The Hohensalzburg Fortress (Salzburg Fortress) was built in the 11th century by Archbishop Gebhard and is the largest unconquered fortress in Europe. The castle is 150 meters wide and 250 meters long, and the oldest part is over 900 years old.
The construction of the Hohensalzburg Fortress began in 1077 and the original design represented a bailey (a type of castle) with a wooden wall. The archbishops of Salzburg were powerful political figures, and the further expansion of the castle served to protect their interests. The expansion was also influenced by the Investiture Controversy, the most important conflict between the state and church in Medieval Europe. The towers and ring walls were constructed under Burkhard II of Weißpriach in 1462. A further expansion of the castle took place under Archbishop Leonhard von Keutschach.
The Hohensalzburg Fortress was chosen to be the main motif for a commemorative coin, the Nonnberg Abbey, which was minted in 2006. This coin was the first one from the series "Great Abbeys of Austria”. It features the Benedictine convent of the Nonnberg Abbey. The Kajetaner church and the castle are depicted on the background. Back in 1977, the Mint released another coin to commemorate the 900th anniversary of the Hohensalzburg Fortress.
During different historic periods, the Hohensalzburg Fortress functioned as a prison, residence, and fortress. It is a must-see attraction and is open all year round. Numerous museums and imposing architecture await the visitors of the fortress. The World of Marionettes is one of them and showcases unique exhibitions of marionettes from various parts of the world. Other landmarks are the fortress’s tavern (Burgschenke), the Fortress restaurant, and the historical castle hall (historische Burgsaal). Concerts are performed in the Golden Hall of the fortress every year.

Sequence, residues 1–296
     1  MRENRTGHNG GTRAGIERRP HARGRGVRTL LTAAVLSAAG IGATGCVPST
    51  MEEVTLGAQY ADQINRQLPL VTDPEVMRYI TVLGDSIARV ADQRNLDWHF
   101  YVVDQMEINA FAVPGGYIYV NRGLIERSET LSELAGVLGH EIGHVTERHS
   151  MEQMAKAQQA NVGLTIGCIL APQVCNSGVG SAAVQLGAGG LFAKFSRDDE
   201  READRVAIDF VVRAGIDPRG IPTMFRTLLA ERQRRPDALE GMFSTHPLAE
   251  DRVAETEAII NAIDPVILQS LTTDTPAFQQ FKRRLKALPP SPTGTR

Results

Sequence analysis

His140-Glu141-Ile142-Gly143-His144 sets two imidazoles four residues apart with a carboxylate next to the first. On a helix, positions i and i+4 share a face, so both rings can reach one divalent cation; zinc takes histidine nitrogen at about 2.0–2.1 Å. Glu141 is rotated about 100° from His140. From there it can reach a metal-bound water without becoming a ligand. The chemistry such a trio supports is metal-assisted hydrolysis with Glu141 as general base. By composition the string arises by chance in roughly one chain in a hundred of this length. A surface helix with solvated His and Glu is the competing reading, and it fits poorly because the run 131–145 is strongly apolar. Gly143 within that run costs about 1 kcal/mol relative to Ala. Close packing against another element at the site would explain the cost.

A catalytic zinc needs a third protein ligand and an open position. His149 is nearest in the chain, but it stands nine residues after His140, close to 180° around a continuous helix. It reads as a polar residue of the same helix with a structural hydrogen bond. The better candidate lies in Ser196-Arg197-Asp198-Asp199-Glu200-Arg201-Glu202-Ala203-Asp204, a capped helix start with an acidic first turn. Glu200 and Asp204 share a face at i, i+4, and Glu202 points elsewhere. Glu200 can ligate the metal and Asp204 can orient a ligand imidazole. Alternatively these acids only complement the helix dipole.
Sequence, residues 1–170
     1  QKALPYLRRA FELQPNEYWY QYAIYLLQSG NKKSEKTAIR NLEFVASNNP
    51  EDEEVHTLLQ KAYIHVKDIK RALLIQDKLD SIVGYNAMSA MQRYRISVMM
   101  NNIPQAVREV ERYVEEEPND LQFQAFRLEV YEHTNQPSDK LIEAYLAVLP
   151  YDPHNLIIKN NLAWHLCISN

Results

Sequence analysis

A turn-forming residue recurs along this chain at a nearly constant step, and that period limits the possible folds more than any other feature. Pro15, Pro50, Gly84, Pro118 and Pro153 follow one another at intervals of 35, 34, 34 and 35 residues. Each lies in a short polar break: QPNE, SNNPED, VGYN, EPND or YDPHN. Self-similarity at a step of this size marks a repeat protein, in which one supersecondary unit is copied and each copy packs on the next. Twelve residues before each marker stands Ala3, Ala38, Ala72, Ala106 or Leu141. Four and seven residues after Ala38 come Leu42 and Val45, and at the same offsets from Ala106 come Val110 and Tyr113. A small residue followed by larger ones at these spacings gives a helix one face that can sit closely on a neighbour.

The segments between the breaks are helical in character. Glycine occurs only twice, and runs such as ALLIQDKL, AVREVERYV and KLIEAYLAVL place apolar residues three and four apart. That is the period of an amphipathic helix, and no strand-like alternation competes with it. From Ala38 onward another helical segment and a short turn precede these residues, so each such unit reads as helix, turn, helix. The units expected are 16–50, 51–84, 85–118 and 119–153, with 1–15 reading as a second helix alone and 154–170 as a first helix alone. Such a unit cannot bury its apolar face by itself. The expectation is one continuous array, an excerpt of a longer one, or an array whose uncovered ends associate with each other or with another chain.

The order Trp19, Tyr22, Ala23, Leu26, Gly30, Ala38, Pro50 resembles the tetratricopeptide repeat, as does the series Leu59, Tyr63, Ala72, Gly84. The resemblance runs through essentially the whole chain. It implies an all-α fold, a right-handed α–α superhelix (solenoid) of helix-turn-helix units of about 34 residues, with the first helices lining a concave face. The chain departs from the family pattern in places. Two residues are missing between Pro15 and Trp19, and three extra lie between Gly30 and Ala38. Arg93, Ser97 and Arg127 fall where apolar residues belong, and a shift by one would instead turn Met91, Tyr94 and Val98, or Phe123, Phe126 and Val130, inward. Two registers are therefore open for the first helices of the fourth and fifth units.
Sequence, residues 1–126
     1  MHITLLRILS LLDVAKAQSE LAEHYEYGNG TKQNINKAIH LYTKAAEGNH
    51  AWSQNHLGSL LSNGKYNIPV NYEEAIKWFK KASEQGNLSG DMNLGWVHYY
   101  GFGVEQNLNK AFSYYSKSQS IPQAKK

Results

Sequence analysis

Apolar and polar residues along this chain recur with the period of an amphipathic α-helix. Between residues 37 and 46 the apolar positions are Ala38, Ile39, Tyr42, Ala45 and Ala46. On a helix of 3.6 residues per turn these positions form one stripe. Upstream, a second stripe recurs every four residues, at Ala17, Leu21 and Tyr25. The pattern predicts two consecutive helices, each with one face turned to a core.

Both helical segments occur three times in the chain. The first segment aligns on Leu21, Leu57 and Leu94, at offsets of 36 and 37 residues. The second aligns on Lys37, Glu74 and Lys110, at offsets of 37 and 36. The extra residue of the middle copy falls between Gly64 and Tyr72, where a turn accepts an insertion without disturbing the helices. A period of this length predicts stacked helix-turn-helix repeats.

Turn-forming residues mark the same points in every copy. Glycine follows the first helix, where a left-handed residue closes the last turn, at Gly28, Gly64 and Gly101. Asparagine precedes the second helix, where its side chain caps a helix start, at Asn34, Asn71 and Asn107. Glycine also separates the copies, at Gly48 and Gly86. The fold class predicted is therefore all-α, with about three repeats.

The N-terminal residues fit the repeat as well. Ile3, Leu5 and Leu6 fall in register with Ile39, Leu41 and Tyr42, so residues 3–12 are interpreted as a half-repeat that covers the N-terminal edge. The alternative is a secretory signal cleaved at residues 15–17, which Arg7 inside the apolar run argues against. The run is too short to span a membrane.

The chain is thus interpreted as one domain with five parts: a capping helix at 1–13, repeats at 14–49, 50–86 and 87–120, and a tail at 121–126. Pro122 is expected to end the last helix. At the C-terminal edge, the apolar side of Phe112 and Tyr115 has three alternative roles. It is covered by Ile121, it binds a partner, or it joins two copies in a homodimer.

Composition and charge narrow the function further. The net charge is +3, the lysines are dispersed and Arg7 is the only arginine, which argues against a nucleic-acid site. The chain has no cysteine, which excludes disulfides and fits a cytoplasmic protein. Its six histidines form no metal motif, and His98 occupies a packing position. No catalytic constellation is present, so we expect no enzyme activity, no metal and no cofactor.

Tourists enjoy the elegant apartments that were once the home of archbishops and their courts. The intricate ironwork and coffered ceilings are worth seeing. Another item on display is porcelain stove from the 16th century, found in the Golden Room.
Housed in the fortress, the Burgmuseum features a collection of medieval art. Prints and plans that trace the growth of Salzburg are displayed, together with Gothic artifacts and instruments of torture. The Salzburg Bull (Salzburger Stier) represents an open-air barrel organ which was constructed in 1502. It plays melodies from Haydn and Mozart every day after the glockenspiel chimes. The Rainermuseum features armor and arms exhibits. Dating from 1501, the St. George's Chapel has preserved reliefs of the Apostles, made from marble. Those who are not interested in the Hohensalzburg Fortress may go to the terrace to enjoy a panoramic view of the Alps.
To get to the Hohensalzburg Fortress, tourists can hike up the lane or paths that lead to the fortress or walk from Kapitelplatz or Mönchsberg. The funicular from Festungsgasse is another option and is found at the station behind the Salzburg cathedral. Advance tickets to the museum can also be purchased, and the funicular ride is included in the price.
View from the Hohensalzburg over beautiful Salzburg
View from the city and Salzach River
The Houses in the fortress
View from Hohensalzburg over the city
The church in the Fortress
Hohensalzburg Fortress funicular
Where is Hohensalzburg Fortress: Mönchsberg 34
How to get to Hohensalzburg Fortress: By foot, or Funicular station is on the Festungsgasse, train departs every 10 minutes
Opening Hours: Courtyards
15 March to 14 June: 9 am to 6 pm
15 June to 14 September: 8.30 am to 8 pm
15 September to 14 March: 9 am to 5 pm
Salzburg Panorama from Hohensalzburg Fortress
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